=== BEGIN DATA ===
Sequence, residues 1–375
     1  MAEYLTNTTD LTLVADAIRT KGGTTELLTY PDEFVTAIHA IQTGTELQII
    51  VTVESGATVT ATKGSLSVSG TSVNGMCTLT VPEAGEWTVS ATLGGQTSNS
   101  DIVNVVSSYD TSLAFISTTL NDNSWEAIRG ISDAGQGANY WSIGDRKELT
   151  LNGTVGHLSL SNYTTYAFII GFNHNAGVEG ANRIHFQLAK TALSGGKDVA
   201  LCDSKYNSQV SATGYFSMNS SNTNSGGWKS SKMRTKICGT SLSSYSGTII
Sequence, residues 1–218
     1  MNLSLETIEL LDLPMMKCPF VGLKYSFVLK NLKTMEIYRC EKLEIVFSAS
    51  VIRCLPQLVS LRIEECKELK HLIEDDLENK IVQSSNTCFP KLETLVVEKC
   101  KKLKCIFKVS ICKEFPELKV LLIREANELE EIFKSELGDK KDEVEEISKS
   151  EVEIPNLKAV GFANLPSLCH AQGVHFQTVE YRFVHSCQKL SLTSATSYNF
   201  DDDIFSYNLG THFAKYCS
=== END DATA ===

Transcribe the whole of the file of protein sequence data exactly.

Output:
Sequence, residues 1–375
     1  MAEYLTNTTD LTLVADAIRT KGGTTELLTY PDEFVTAIHA IQTGTELQII
    51  VTVESGATVT ATKGSLSVSG TSVNGMCTLT VPEAGEWTVS ATLGGQTSNS
   101  DIVNVVSSYD TSLAFISTTL NDNSWEAIRG ISDAGQGANY WSIGDRKELT
   151  LNGTVGHLSL SNYTTYAFII GFNHNAGVEG ANRIHFQLAK TALSGGKDVA
   201  LCDSKYNSQV SATGYFSMNS SNTNSGGWKS SKMRTKICGT SLSSYSGTII
Sequence, residues 1–218
     1  MNLSLETIEL LDLPMMKCPF VGLKYSFVLK NLKTMEIYRC EKLEIVFSAS
    51  VIRCLPQLVS LRIEECKELK HLIEDDLENK IVQSSNTCFP KLETLVVEKC
   101  KKLKCIFKVS ICKEFPELKV LLIREANELE EIFKSELGDK KDEVEEISKS
   151  EVEIPNLKAV GFANLPSLCH AQGVHFQTVE YRFVHSCQKL SLTSATSYNF
   201  DDDIFSYNLG THFAKYCS